Africa mixtape: countering oppression with hip-hop in Tanzania

Africa Mixtape: Countering Oppression with Hip-Hop in Tanzania

The Africa Mixtape is an ongoing collection of songs handpicked by SIT Study Abroad students, alumni, faculty, and staff. Today’s contribution is by Clara Moore, a University of Colorado-Boulder student and alumna of SIT Study Abroad Tanzania: Wildlife Conservation and Political Ecology.

While studying abroad in Tanzania this past fall, I had the opportunity to study music and meet some incredibly inspiring musicians throughout my time there. One of the most popular types of music for the younger generation is hip-hop. According to the Tanzanian artist Chaba, hip-hop has long been an elevating form of expression and a creative and revolutionary counterforce to all forms of oppression.

In the early 1990s, the genre became immensely popular around the same time as the beginning of a multi-party democracy in 1992, and later the introduction of commercial radio stations in Tanzania in 1994. Tanzanian hip-hop artists produce songs with socially conscious lyrics that send direct messages to listeners, and many artists focus on making a positive impact on the younger generation of Tanzanians.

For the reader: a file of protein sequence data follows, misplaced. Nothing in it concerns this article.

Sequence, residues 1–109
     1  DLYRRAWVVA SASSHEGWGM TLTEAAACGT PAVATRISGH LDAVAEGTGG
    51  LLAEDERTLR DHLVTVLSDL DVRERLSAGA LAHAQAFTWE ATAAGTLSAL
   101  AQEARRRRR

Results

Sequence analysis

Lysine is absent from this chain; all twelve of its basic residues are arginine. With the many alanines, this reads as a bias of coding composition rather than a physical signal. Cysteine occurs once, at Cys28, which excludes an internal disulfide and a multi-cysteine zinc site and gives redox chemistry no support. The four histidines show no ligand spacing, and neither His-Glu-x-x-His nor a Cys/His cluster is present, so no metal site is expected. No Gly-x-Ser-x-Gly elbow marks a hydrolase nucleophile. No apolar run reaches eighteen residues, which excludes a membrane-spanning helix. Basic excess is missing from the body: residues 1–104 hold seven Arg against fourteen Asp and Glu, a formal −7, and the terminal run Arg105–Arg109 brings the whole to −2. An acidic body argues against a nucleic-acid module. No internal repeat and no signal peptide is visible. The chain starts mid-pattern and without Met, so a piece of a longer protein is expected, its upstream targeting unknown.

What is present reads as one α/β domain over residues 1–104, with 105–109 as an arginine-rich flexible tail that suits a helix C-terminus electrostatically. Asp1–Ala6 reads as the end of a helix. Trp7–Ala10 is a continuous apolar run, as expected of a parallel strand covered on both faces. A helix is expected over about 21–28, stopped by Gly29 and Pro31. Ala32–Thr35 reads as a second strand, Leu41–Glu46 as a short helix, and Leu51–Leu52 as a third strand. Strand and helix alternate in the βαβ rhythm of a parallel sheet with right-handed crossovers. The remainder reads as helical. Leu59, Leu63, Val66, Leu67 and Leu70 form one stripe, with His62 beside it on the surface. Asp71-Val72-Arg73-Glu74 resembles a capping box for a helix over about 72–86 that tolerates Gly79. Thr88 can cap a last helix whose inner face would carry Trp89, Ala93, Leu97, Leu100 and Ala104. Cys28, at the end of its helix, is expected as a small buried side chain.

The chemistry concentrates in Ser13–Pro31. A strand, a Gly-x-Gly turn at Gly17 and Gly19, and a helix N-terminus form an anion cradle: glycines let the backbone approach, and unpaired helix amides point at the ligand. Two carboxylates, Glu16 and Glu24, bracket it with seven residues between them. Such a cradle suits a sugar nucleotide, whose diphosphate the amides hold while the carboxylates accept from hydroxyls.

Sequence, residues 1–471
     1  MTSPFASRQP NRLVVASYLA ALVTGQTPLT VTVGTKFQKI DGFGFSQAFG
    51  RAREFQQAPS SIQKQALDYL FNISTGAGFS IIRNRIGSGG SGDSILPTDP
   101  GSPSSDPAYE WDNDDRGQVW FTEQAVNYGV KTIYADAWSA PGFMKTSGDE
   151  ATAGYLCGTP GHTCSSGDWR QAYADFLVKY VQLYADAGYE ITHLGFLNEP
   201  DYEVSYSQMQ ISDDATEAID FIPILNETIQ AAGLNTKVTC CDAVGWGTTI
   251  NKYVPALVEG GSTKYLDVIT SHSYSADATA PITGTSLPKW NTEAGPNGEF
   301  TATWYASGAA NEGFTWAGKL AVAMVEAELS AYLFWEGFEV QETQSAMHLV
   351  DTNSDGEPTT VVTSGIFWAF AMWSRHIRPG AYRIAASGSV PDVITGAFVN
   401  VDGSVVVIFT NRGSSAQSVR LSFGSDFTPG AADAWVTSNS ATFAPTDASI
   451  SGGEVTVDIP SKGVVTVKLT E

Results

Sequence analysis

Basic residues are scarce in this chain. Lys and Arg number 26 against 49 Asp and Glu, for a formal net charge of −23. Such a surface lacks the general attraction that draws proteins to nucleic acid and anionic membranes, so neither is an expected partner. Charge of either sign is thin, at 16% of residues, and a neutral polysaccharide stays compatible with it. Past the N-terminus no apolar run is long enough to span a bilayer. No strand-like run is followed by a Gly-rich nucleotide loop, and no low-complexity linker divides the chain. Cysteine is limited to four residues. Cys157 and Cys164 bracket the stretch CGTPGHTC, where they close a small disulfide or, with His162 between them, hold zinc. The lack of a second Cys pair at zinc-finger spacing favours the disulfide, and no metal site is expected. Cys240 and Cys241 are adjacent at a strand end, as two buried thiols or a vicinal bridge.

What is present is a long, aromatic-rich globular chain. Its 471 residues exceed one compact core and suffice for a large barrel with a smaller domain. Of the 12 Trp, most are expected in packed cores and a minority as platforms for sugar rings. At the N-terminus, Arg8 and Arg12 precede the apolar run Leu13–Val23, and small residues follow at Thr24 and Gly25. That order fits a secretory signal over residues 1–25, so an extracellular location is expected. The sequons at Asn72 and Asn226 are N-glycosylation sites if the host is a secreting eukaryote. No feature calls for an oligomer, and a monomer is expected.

Chindo Man, aka Umbwa Mzee or Old Dog in Kiswahili, is featured in the video below.   He is one if the most influential hip-hop artists in the Arusha area of Tanzania where the SIT program is located. Chindo currently owns his own studio and a record label named Watengwa, which means outcast. He inspires and records up-and-coming hip-hop artists who come from the slums, just as he did. This is his newest song about love that wasn’t meant to be, heartbreak, and having hope for the future.

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